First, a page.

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Marine Ecology Progress Series

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MEPS 233:117-130 (2002)  -  doi:10.3354/meps233117

Changes in distribution and decrease in numbers during migration of the bivalve Macoma balthica

J. G. Hiddink*, W. J. Wolff

University of Groningen, Department of Marine Biology, PO Box 14, 9750 AA Haren, The Netherlands

ABSTRACT: The population development of the 1998 year class of the bivalve Macoma balthica was studied by repeated sampling of a tidal flat area in the eastern Dutch Wadden Sea from May 1998 to August 2000. The juveniles migrated twice, once in mid-1998 from their primary settlement locations in the low sandy intertidal to the nursery in the high intertidal (spring migration, 25% of all juvenile M. balthica relocated from low to high intertidal) and once in late 1998/early 1999 from the nursery to the low intertidal and the subtidal (winter migration, between 8 and 15% of all 0-group (less than 1 yr old) M. balthica relocated from high to low intertidal). During winter, M. balthica migration was most intensive at the lowest temperatures. Relative to the abundance on the tidal flats, the 1+ group (older than 1 yr) M. balthica (i.e. from the second summer onwards) were rare in the tidal channels of the Wadden Sea and were only slightly more common in the North Sea adjacent to the tidal inlet. During both the spring and winter migration, many bivalves disappeared from the tidal flat population. This could partly be explained by normal mortality and by emigration to the subtidal channels and the North Sea. The remaining mortality was probably due to the risks inherent in migration: predation during pelagic floating or not reaching the right locations. The number of bivalves that disappeared was very high. In spring, slightly more disappeared than relocated. In winter, >4 times more bivalves disappeared than relocated. Migration is obviously a very dangerous activity, therefore great advantages must be associated with the nursery use that makes such migrations necessary. An analysis of literature data on the density of M. balthica shows that in the eastern Dutch Wadden Sea, 90% of the population lives in the intertidal, about 10% in the adjacent North Sea, and a negligible fraction in the subtidal channels of the Wadden Sea.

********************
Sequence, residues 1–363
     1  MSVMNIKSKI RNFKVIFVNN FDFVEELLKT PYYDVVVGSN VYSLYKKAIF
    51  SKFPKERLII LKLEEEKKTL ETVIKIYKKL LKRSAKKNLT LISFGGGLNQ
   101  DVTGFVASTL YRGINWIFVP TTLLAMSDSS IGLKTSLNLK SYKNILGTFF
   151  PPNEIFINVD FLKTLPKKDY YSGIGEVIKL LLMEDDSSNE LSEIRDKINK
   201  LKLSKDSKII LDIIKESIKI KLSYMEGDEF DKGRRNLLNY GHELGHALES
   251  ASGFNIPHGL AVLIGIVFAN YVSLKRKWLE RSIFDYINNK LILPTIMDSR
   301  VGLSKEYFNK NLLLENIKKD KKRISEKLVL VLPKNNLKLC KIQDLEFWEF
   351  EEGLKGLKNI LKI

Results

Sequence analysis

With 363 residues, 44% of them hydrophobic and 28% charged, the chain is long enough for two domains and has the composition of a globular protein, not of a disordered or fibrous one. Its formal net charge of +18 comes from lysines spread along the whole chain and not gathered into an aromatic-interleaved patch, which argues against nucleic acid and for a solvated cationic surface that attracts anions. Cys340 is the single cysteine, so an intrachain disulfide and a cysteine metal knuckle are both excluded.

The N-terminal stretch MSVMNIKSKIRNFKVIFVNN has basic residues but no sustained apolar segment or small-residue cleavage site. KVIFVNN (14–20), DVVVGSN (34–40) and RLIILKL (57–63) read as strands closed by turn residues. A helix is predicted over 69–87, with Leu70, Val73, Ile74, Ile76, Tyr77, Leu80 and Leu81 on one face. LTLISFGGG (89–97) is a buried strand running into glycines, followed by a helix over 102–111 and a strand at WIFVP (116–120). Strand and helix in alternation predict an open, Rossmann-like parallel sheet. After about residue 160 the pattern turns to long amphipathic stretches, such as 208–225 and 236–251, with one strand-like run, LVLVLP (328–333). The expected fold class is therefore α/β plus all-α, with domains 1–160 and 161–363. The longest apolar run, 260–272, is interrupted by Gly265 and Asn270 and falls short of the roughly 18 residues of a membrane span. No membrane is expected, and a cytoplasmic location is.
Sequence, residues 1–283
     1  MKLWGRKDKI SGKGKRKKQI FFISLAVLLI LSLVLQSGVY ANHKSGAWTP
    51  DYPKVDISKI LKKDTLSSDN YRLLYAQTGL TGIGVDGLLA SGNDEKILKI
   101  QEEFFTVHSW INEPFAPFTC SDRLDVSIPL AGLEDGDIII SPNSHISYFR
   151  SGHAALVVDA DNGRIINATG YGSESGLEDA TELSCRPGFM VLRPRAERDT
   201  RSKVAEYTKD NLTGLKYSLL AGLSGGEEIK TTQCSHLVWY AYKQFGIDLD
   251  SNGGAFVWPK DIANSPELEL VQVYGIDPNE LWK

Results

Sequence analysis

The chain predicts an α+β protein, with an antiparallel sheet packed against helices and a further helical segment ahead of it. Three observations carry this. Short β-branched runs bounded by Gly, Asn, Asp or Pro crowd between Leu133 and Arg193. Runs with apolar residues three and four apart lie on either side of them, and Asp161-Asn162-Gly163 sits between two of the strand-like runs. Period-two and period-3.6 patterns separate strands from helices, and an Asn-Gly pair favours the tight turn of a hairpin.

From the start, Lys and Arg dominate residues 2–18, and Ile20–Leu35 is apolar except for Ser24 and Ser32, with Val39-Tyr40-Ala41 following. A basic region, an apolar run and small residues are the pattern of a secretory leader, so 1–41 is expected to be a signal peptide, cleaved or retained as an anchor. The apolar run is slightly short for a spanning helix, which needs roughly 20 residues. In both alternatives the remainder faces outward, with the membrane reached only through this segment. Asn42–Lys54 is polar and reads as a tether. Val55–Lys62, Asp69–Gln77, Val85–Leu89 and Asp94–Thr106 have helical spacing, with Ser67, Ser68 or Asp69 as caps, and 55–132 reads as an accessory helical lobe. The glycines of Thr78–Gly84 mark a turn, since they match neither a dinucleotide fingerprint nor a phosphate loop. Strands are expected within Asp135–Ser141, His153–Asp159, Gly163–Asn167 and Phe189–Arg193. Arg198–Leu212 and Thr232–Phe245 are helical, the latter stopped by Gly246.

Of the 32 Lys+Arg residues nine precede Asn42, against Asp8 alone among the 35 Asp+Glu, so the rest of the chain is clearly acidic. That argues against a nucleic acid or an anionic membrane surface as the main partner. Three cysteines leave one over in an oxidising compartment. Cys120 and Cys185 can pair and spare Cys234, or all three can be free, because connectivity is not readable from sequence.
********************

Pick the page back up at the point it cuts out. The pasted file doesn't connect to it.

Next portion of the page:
KEY WORDS: Macoma balthica · Nursery · Migration · Mortality · Wadden Sea

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